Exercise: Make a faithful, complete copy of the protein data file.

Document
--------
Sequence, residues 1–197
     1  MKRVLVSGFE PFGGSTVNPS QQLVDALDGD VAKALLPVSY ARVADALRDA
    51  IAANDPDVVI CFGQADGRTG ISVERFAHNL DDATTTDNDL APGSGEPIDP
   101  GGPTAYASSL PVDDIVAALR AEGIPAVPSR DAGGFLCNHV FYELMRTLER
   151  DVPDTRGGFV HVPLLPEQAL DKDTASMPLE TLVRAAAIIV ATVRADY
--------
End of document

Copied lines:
Sequence, residues 1–197
     1  MKRVLVSGFE PFGGSTVNPS QQLVDALDGD VAKALLPVSY ARVADALRDA
    51  IAANDPDVVI CFGQADGRTG ISVERFAHNL DDATTTDNDL APGSGEPIDP
   101  GGPTAYASSL PVDDIVAALR AEGIPAVPSR DAGGFLCNHV FYELMRTLER
   151  DVPDTRGGFV HVPLLPEQAL DKDTASMPLE TLVRAAAIIV ATVRADY